50th Anniversary of Title IX and its impact on women’s sports

WTAP News @ 11- Title IX 50th anniversary
Published: Jun. 23, 2022 at 7:46 PM EDT
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PARKERSBURG, W.Va. (WTAP) - It was a labor of love. We made 200 dollars per year. Which we weren’t complaining, we were just thankful for the opportunity to just get it started,” says Susan Gardner.

Former coach, Susan Gardner won 13 state titles during her 35 years at Parkersburg high school.

However, it began with her and others fighting for women to compete in sports in 1975. Three years after Title IX was signed into action.

“And there were still no sports. But states around us were beginning to have girls’ athletics,” says Gardner. “And Judy Parrish and the late Sam Mandich went to the Principal’s Association with the proposal to get it started in West Virginia.”

It would start with basketball and track in 1975 followed by volleyball in 1979.

Soon after, Gardner and other pioneers for women’s sports would continue to hit the ground running.

As more women would continue to join.

“It was an opportunity that the girls just wanted so badly,” says Gardner. “And we were very competitive from the early beginnings, and we’ve done very well as a school because of Title IX. Because of the opportunity to compete.”

Title IX continues to be a significant impact on women to this day.

“I am extremely, incredibly thankful for Title IX because I grew up in women’s sports. Both of my older sisters played volleyball and I especially grew up in PHS volleyball. And having the opportunity to be able to go out and play for the community is insane,” says Parkersburg HS volleyball captain, Rylee Wise.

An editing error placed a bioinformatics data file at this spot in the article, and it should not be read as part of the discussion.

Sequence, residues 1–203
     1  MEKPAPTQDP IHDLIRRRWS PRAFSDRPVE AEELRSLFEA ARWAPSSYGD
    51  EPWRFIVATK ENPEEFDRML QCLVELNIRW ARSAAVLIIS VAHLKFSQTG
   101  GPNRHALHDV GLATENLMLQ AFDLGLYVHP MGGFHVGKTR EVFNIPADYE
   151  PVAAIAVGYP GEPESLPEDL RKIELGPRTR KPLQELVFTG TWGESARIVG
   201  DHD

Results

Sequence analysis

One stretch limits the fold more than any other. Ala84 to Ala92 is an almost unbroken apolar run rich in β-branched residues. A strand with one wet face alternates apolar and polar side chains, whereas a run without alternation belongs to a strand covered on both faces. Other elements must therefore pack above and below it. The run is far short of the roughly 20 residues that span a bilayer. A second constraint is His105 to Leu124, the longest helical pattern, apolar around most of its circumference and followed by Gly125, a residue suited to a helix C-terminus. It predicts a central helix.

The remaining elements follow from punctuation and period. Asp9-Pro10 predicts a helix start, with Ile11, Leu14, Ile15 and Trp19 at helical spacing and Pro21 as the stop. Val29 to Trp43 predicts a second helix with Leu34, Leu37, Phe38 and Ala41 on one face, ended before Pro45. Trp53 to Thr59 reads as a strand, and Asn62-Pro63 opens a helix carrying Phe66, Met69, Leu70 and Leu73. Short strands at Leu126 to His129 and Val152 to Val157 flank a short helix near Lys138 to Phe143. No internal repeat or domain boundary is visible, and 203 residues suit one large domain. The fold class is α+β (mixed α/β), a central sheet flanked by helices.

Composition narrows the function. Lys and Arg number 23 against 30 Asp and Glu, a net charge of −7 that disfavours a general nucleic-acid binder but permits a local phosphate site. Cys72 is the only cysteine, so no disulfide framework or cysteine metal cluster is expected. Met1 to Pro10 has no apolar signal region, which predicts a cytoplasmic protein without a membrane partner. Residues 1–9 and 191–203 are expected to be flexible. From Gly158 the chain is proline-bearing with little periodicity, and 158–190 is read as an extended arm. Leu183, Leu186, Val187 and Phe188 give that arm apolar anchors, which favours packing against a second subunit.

From girls getting the opportunity to play to women in administrative roles.

“So, if we are putting somebody in, for example, the R.O.A.C., male sport, we’re going to put the female sport in as well. And we just try to make it equitable for everybody,” says Parkersburg South HS athletic director, Jennifer Null.

Before Title IX, less than 300 thousand girls were in high school sports and only 15 percent of NCAA athletes were women.

Now there are over three million girls in high school sports and 44 percent of NCAA athletes are women.

Some say there is still progress to be made.

Such as increased budgets for women’s sports and more opportunities for women in coaching and administrative positions.

“I feel like there’s still a gap between female and men coaches and all of that honestly,” says Wise. “So, I feel like there could be some slight changes still with female coaches and their pay and everything like that.”

Even with the progress that some believe needs to be taken, Gardner says that she’s appreciative to see how far West Virginia has come since women’s sports have been introduced.

Especially at her alma mater.

Gardner says, “Parkersburg High School is known as the school of champions. And the girls are a big reason for that.”

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